Some assume that the term “nuclear family” refers to the American household as conceived of in the 1950s: a working father, stay-at-home mother, and 2.3 kids under one suburban roof. This is a misconception — “nuclear” simply implies an exclusion of extended family members — but nevertheless an evocative one. For in American popular culture, the zenith of that family arrangement coincided with the zenith of nuclear weaponry. Nukes, one heard, that had won the war, at least against Japan, and nukes that would thenceforth secure the free world against the Red Menace.

Instilling this perception required the production and distribution of no small amount of propaganda, especially in the Cold War. It is out of just such propaganda, drawn from newsreels, television broadcasts, and other forms of media, that Kevin Rafferty, Pierce Rafferty, and Jayne Loader made their acclaimed documentary The Atomic Café.

It came out in 1982, when the public’s assumptions of American military benevolence — and its patience with the country’s seemingly permanent arms race against the Soviet Union — were running low. These decades-old clips of strenuously pious politicians, drawling bomber pilots, rambling Babbitts, and civil defense-ready nuclear (in both senses) families could hardly have met with more intense cynicism.

“I was an exact contemporary of those kids in this old documentary footage,” writes Roger Ebert in his review The Atomic Café. “Life magazine ran blueprints for fallout shelters, and Estes Kefauver barnstormed the nation with warnings about strontium 90 in the milk supply.” In one scene “girls in home ec classes display their canned goods designed for nuclear survival, and it is clear from their faces that they have no clue of how they would survive nuclear war, and little hope of doing so.” The film as a whole evokes a time when the United States “spent a good deal of its resources on addressing the possibility of nuclear war, however uselessly.” We no longer hear much about that possibility, perhaps because it has genuinely diminished, or perhaps because — as viewers of The Atomic Café will suspect even today — the propagandists are busy convincing us of something else entirely.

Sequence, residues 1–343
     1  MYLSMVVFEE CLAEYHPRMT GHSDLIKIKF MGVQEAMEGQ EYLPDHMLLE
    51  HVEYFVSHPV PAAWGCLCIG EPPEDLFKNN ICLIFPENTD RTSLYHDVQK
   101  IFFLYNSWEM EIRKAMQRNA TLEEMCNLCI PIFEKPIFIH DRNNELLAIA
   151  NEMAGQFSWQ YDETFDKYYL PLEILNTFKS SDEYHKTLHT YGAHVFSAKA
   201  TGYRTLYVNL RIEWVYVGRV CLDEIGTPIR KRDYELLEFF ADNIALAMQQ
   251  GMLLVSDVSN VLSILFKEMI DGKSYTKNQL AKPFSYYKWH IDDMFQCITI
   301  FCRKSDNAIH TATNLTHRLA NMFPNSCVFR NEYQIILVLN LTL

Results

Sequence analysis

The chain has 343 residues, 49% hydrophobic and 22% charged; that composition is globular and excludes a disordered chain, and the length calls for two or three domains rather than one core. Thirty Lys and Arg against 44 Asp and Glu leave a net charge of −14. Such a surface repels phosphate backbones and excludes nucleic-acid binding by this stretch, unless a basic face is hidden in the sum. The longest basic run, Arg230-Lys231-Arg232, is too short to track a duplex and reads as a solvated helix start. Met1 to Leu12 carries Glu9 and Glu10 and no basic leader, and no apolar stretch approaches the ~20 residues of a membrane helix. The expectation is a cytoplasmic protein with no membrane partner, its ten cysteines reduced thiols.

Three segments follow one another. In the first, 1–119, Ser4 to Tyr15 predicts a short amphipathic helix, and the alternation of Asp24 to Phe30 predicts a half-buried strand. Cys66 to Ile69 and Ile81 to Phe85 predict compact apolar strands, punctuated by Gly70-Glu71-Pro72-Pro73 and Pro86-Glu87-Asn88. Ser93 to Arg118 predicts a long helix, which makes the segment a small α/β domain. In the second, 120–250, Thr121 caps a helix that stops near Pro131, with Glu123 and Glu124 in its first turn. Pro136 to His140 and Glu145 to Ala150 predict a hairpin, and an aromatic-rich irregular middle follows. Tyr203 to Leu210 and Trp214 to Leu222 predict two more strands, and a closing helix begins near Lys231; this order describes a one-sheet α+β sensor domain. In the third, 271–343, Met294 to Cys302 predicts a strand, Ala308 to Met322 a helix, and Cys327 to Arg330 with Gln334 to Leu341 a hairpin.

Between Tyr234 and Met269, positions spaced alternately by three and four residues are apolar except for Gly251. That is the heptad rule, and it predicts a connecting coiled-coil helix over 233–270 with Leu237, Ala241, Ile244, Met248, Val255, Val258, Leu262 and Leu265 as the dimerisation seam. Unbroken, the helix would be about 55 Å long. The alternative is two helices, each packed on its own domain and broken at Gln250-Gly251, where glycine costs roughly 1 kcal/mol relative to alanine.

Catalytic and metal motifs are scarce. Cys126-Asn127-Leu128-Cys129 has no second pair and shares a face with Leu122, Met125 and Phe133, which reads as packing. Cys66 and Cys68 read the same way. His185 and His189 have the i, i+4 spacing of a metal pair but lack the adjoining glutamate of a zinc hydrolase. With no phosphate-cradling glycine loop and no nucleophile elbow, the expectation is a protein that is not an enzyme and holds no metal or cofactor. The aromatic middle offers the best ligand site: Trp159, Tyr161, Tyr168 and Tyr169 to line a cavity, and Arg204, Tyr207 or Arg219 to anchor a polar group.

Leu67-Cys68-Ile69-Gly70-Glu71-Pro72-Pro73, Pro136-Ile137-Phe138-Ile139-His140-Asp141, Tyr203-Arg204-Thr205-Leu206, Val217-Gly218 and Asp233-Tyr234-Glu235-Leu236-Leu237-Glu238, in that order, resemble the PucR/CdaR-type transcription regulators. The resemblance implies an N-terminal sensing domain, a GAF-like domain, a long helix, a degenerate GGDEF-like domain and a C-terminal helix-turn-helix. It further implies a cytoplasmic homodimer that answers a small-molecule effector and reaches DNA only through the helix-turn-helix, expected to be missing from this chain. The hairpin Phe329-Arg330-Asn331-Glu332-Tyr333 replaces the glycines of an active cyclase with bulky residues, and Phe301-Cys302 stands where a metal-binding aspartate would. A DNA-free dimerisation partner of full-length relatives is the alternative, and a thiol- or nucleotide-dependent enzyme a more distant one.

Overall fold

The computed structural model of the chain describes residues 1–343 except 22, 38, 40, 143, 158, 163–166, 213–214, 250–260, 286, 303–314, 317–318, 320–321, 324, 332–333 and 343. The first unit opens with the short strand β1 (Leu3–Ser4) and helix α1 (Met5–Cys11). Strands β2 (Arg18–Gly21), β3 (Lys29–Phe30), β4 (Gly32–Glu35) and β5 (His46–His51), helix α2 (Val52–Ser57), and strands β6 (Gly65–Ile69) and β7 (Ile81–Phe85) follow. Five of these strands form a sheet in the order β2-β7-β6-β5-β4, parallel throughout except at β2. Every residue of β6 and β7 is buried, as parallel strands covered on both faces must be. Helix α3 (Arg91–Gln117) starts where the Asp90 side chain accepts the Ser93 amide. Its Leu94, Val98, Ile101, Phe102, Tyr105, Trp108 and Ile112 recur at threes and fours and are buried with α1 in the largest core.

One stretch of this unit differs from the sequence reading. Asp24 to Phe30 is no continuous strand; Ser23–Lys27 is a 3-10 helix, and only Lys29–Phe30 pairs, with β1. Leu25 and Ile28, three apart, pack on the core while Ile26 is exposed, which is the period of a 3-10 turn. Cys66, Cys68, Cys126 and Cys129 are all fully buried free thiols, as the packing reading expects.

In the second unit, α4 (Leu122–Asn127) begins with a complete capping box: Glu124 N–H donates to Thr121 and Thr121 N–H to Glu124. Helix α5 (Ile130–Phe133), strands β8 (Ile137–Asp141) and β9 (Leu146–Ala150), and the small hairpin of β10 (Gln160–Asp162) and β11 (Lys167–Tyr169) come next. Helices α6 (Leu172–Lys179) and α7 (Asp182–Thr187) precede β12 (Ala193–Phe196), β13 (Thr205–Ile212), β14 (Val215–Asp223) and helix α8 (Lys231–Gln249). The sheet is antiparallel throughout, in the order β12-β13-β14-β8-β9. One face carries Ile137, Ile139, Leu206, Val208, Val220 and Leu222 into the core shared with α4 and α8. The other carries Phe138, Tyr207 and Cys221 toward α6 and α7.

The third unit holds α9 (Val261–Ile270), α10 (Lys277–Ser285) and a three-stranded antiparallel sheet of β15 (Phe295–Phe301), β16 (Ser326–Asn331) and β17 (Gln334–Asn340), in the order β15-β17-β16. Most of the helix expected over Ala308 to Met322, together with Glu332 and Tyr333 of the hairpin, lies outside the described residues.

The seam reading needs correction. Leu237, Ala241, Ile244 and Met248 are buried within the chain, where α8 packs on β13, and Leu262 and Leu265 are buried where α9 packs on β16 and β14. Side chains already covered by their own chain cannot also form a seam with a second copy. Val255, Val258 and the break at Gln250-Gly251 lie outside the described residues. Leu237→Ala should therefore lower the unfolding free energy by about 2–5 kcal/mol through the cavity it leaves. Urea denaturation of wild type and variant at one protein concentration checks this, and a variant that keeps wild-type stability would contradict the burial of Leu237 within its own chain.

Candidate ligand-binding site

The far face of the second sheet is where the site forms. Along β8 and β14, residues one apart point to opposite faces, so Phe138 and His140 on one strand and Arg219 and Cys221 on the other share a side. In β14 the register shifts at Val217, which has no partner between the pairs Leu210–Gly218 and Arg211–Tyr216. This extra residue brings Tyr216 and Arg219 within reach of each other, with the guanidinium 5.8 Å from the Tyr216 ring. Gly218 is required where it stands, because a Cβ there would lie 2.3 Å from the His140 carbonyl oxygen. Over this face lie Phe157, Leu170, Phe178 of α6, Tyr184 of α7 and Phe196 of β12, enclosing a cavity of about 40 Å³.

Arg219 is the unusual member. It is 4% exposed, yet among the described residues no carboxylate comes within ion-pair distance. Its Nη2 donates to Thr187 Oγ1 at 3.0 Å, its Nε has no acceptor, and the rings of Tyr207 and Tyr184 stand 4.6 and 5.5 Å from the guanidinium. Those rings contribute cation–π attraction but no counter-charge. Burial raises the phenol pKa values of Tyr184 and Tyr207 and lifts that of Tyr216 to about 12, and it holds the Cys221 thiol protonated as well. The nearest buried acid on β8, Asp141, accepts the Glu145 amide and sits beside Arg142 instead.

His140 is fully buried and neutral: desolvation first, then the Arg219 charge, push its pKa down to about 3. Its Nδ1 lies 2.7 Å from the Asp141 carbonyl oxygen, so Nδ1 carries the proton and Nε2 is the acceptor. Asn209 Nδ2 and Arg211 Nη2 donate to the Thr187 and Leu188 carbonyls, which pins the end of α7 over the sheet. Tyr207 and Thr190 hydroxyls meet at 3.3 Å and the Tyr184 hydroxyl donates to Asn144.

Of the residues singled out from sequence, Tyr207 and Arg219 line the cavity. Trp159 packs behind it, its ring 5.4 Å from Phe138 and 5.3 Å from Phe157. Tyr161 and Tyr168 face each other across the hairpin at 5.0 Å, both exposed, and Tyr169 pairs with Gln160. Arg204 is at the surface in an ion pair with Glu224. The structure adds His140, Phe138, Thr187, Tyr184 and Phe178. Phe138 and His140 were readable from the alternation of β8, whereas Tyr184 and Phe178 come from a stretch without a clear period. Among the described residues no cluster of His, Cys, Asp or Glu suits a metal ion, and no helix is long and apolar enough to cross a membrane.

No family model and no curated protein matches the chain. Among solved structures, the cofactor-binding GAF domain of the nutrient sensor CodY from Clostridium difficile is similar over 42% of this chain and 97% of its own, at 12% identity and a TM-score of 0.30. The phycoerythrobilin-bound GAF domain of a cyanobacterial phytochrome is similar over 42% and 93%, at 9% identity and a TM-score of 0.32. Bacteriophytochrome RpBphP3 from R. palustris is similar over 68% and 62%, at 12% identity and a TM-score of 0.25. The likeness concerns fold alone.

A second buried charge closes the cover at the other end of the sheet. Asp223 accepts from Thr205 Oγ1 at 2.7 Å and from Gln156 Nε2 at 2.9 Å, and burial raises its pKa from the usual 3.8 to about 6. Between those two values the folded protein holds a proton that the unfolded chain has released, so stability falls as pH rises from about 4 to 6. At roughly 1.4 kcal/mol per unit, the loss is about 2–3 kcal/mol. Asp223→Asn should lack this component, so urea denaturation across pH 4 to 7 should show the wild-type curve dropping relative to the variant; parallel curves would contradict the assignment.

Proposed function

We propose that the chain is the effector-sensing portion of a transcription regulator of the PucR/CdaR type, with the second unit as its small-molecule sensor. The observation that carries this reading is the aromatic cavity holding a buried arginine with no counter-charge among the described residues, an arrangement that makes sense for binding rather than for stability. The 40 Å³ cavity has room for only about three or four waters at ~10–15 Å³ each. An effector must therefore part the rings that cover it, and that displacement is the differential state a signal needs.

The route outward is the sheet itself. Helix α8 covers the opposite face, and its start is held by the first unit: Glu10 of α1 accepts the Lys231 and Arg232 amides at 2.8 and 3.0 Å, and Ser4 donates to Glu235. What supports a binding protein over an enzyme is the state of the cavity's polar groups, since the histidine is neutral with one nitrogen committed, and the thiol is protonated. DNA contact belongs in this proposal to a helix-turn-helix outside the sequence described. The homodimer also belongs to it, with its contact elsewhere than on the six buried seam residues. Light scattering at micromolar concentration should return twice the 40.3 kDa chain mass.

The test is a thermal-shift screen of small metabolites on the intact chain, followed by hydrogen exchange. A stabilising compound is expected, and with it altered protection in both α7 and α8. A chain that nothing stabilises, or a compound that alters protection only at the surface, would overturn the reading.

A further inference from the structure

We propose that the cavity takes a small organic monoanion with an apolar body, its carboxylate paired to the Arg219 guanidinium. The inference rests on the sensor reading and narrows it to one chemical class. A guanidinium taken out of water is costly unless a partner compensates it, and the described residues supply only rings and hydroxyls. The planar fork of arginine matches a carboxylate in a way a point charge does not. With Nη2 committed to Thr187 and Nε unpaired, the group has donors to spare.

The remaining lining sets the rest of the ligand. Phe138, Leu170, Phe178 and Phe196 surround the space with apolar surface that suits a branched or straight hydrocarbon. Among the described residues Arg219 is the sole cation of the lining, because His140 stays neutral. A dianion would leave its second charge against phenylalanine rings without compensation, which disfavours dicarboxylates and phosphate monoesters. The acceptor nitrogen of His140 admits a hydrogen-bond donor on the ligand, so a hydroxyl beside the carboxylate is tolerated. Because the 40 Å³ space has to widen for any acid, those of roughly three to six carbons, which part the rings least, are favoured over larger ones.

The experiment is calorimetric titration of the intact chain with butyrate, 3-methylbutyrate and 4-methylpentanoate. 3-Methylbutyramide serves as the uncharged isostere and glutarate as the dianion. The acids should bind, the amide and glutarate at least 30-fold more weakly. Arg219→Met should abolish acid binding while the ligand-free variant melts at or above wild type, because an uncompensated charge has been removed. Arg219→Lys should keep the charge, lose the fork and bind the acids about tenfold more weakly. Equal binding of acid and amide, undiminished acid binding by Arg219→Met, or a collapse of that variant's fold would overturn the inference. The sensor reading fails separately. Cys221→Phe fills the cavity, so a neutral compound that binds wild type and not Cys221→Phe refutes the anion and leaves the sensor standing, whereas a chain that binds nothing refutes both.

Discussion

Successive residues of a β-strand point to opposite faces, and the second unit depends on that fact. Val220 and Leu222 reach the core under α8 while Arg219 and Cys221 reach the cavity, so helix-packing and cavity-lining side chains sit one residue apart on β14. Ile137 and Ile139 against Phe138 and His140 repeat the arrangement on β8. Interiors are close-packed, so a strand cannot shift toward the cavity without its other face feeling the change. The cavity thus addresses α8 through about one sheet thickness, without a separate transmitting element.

The Atomic Café has been put on YouTube by the New York film distribution company Kino Lorber.

Related content:

How a Clean, Tidy Home Can Help You Survive the Atomic Bomb: A Cold War Film from 1954

U.S. Detonates Nuclear Weapons in Space; People Watch Spectacle Sipping Drinks on Rooftops (1962)

Protect and Survive: 1970s British Instructional Films on How to Live Through a Nuclear Attack

Watch Chilling Footage of the Hiroshima & Nagasaki Bombings in Restored Color

See Every Nuclear Explosion in History: 2153 Blasts from 1945-2015

J. Robert Oppenheimer Explains How He Recited a Line from Bhagavad Gita — “Now I Am Become Death, the Destroyer of Worlds — Upon Witnessing the First Nuclear Explosion

Based in Seoul, Colin Marshall writes and broadcasts on cities, language, and culture. His projects include the Substack newsletter Books on Cities, the book The Stateless City: a Walk through 21st-Century Los Angeles and the video series The City in Cinema. Follow him on Twitter at @colinmarshall, on Facebook, or on Instagram.

Christopher Hitchens’ Final Interview: Hear the Newly-Released Uncut Conversation with Richard Dawkins